High Philly Construction Costs vs. Affordable Housing

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My preferred approach to reducing high construction costs in Philly would involve relaxing anti-density zoning regulations, allowing more as-of-right development, and taxing land instead of buildings. But people should be aware that construction costs are crazy high, in part because of labor costs, and there’s a trade-off there with keeping housing affordable.

Adam Ozimek sends us to Kevin Gillen:

“Philadelphia has the fourth highest construction costs in the nation, about 20 percent higher than the national average. There’s nothing wrong with that, per se, if you have high house prices, high rents and incomes to cover that,” said Gillen. But Philadelphia’s rents and incomes are more in line with places like St. Louis and Cleveland. “I like to say we have Manhattan building costs with Baltimore rents,” he added.

Gillen says that part of these costs are related to Philadelphia’s taxes and governmental inefficiency, but that labor premiums for city unions alone pushed construction projects to the suburbs. “The difference between building in the city and the suburbs is a 20 percent premium on union labor costs. You cross City Line Avenue and your costs go down 20 percent,” he said.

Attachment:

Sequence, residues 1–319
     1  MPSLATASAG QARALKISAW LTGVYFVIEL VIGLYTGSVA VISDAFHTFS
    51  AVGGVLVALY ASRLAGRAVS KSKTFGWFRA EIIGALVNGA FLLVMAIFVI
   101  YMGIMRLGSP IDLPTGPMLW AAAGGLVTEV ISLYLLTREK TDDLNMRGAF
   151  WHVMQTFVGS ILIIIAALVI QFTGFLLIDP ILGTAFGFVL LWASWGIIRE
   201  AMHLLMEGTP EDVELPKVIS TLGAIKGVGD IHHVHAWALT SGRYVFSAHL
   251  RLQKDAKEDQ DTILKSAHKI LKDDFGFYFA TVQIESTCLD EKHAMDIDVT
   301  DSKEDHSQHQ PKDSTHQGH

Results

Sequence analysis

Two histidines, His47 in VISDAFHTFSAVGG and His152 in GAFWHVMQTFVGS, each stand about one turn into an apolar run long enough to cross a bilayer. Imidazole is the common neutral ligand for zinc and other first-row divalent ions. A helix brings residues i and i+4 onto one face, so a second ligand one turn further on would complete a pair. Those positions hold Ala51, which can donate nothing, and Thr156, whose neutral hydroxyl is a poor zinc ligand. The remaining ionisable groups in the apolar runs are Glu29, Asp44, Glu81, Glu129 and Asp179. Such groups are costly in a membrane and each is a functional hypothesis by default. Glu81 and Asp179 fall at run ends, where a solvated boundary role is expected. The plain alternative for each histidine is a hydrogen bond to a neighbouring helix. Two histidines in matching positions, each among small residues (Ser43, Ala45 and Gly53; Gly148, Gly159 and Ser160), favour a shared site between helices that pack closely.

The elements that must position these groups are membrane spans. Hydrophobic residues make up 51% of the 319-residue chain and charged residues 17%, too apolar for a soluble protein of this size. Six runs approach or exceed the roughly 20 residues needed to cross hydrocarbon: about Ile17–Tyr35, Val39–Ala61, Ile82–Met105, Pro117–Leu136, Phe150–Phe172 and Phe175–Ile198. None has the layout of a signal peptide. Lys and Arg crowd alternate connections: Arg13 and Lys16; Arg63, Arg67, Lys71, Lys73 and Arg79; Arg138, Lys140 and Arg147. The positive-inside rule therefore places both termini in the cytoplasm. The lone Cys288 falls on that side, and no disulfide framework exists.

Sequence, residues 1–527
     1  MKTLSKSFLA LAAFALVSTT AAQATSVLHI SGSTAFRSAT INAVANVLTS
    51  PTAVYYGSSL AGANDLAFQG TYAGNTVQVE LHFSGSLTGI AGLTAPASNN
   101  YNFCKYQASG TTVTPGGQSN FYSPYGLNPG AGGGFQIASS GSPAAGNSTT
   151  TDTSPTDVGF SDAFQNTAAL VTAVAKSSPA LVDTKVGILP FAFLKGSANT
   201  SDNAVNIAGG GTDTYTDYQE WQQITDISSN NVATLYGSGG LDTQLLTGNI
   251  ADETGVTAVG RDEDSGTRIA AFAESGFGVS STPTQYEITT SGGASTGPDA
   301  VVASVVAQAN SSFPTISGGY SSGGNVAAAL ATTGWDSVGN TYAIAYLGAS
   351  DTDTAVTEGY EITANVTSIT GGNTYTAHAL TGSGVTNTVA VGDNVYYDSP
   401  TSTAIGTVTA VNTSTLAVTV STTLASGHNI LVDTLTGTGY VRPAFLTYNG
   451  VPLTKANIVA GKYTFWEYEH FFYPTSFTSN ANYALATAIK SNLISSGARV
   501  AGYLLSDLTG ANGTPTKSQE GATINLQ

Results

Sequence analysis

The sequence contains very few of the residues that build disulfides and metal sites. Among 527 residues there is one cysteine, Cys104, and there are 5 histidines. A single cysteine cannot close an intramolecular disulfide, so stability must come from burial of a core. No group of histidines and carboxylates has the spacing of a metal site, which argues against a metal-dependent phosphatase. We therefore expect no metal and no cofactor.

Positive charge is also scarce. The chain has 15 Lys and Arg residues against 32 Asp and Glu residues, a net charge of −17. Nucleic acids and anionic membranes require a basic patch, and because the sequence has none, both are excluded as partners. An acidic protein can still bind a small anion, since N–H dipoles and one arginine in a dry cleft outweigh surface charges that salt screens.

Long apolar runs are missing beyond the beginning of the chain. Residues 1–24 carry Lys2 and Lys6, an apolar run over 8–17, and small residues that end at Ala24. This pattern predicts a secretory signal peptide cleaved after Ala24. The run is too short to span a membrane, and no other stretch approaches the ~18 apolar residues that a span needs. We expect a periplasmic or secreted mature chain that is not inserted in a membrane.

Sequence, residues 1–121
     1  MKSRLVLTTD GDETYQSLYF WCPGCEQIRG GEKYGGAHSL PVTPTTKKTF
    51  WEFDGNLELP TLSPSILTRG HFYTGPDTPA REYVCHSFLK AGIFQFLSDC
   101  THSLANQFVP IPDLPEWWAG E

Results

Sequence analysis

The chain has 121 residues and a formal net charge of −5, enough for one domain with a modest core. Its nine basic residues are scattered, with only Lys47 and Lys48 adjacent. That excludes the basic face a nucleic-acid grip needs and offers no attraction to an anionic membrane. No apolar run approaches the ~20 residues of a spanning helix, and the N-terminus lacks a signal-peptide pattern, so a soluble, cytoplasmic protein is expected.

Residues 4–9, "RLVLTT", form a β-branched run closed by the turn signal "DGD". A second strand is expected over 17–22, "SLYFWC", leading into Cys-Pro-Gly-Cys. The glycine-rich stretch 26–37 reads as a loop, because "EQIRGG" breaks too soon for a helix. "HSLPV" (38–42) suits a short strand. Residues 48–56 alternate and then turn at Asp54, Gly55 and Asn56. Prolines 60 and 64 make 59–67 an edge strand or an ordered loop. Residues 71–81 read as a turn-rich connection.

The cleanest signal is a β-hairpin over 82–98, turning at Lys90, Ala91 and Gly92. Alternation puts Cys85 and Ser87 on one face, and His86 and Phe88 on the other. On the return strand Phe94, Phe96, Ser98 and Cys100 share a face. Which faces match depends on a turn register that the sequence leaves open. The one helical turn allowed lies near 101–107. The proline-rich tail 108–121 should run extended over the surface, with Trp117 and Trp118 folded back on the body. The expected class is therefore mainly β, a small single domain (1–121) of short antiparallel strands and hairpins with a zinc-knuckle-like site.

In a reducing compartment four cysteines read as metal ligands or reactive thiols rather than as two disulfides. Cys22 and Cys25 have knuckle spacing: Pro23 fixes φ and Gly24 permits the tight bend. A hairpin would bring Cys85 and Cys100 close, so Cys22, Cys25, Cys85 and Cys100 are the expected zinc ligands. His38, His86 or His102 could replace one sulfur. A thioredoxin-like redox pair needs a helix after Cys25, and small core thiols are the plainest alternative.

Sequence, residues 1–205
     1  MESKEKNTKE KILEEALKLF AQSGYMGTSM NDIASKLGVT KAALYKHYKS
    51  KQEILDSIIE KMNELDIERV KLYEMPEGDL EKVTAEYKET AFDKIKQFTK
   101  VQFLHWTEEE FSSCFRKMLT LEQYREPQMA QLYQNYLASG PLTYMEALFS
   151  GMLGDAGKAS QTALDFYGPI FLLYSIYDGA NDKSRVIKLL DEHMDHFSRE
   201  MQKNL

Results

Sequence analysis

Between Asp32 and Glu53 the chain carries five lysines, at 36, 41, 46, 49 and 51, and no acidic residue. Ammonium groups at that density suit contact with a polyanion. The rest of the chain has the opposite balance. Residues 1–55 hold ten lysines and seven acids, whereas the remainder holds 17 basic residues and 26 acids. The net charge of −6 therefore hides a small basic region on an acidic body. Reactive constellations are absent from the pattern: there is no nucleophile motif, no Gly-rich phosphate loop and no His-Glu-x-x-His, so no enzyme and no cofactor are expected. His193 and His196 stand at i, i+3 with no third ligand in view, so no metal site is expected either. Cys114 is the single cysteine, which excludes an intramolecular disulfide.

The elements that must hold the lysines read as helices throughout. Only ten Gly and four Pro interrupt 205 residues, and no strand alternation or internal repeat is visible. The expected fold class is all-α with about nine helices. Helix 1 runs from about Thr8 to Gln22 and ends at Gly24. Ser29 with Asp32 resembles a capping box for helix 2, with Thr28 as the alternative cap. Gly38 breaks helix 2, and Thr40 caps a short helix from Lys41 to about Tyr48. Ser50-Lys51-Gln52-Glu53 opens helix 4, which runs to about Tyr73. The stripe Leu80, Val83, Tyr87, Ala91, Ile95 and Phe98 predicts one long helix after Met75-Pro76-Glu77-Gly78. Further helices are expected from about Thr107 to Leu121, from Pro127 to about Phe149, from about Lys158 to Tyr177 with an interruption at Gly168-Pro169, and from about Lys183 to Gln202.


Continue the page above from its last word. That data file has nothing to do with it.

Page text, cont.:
The political issue here is concentrated benefits vs. broad-based benefits. You could make an argument that higher wages for construction workers have spillover effects, as people spend that money elsewhere in the city economy. But could we expect even larger spillover effects if rents dropped across the board and all housing consumers had more money to spend on non-housing goods and services?

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2 Responses to High Philly Construction Costs vs. Affordable Housing

  1. Cleanup Philly says:

    Unions have a knock off effect. That Democrats want to make all construction more expensive means that housing is more expensive, building is slowed, and there are fewer jobs.

    So how is that Obama vision working again?

    • Jon says:

      It’s not the only thing that makes housing more expensive. I’d put more weight on anti-density zoning and lack of as-of-right development rights. But yes, high labor costs adds to it.